I think that life extension will be quite disruptive to the social support network. And I think governments are going to have to adapt accordingly.
But more of the point is us reducing our individual global footprints. Each of our global footprints right now is absolutely massive and unacceptable. It’s going to be through the advent of sustainable energies, the ability to create food and distribute it efficiently—all these factors that are going to be shrinking and shrinking and shrinking our individual global footprints—such that it’s OK for us to live on this planet with a population that’s essentially not going to be disappearing anytime soon. But again, it has to work in conjunction with this idea that we continue to find living space for us and continue to live in a way that won’t ravage this planet and deprive it of all of its resources.
OK, since we’re starting to veer into the far off future, what’s the extreme of this sort of thinking about radical life extension? Say, for example, if you could put your personality and thoughts, your brain, your memories into a different body. Is it still you, or is it someone different?
Oh, it would absolutely still be me. I think the seed of consciousness, the seed of awareness and the sense of self is very much rooted in the brain. And if you could transport that brain, however that might be, to a different body, whether it be another, let’s say, biological body or a robotic or cybernetic body, or whether we find a way to digitally transform our mind into a computer, for example. As long as the sense of self has been preserved, and there's been what's called a “continuity of consciousness,” that is most certainly still you as a person.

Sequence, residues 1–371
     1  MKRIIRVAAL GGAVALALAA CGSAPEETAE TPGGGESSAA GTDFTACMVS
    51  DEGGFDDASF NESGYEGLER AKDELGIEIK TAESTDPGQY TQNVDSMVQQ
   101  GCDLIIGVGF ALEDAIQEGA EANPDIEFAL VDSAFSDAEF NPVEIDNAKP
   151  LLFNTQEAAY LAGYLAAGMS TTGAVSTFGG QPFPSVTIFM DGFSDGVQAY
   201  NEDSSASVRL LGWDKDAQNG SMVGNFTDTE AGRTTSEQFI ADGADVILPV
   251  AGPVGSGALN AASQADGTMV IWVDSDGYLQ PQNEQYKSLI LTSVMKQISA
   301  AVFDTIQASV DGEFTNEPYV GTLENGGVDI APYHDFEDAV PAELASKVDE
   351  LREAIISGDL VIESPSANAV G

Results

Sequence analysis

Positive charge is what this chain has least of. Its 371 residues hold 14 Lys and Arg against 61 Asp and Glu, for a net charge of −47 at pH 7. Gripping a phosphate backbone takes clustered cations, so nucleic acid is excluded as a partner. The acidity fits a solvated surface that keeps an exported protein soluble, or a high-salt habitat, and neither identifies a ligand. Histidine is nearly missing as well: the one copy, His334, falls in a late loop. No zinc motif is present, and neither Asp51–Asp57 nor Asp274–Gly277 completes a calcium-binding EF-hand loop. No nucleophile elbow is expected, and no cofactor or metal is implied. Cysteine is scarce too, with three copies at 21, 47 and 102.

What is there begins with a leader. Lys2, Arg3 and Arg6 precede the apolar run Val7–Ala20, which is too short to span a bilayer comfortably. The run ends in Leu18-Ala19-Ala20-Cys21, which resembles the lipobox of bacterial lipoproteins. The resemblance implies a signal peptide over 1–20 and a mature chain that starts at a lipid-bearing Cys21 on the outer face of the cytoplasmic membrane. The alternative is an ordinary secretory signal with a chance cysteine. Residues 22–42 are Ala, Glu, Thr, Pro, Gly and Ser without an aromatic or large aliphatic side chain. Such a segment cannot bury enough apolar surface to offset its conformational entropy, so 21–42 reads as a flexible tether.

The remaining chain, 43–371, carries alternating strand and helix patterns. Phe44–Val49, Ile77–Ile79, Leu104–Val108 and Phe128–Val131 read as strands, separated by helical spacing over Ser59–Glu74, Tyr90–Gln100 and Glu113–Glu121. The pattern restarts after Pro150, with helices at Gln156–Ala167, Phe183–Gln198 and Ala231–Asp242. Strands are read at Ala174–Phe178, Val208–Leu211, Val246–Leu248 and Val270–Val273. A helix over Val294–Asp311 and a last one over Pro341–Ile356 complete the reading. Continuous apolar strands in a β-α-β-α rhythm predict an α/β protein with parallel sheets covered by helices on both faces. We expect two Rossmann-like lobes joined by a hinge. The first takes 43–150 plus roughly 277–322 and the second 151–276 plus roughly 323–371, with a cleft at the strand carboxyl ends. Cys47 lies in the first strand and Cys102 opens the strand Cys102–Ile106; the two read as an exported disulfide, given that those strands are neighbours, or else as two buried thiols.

So you believe your physical body could die, but your consciousness could go on in some other form?
Absolutely. Our sense of self and who we are is not tied to our bodies. Life could continue, consciousness could continue, activities could continue. You could continue to seek out your goals, to engage in recreational activities, learn new skills, acquire wisdom, in a different body. And again that body doesn't necessarily need to be physical and tangible in the material world. It could conceivably be something, let’s say, in a digital world, like a virtual reality environment.
We are talking about the idea of the self going on beyond the physical body. But sometimes the physical body outlasts the self, for example, in Alzheimer's disease. If they can't figure out Alzheimer’s, do we really want to talk about living another 150 years?
I think that neurodegenerative disorders, like Alzheimer's and Parkinson's, are a real problem. And we understand that's a problem because a lot of funding is going towards alleviating them. So many of us experience in our daily lives through our loved ones, many of us worry about it ourselves. And yes the risk is that your mind goes before your body goes, and that is a very tragic proposition for sure. And that way, you experience a kind of death before your body actually finally fails itself.
This is very interesting because Alzheimer’s and Parkinson’s are a consequence of our ability to prolong lives. This is, in a way, one of the first examples of the health consequences of life extension. And it makes you wonder, for example, if in the future, what other sorts of impairments will happen, when we enter, let’s say, our 130s that we hadn’t thought of before? For example, maybe we’ll start to develop some really severe visual and auditory problems—even more severe than what currently is experienced by centenarians.
So I think there are surprises that await us in the future, but right now, if we’re to succeed in terms of radical life extension, one of the first things we have to do is stop the brain from aging as badly as it does. Because once it’s gone, then we are gone.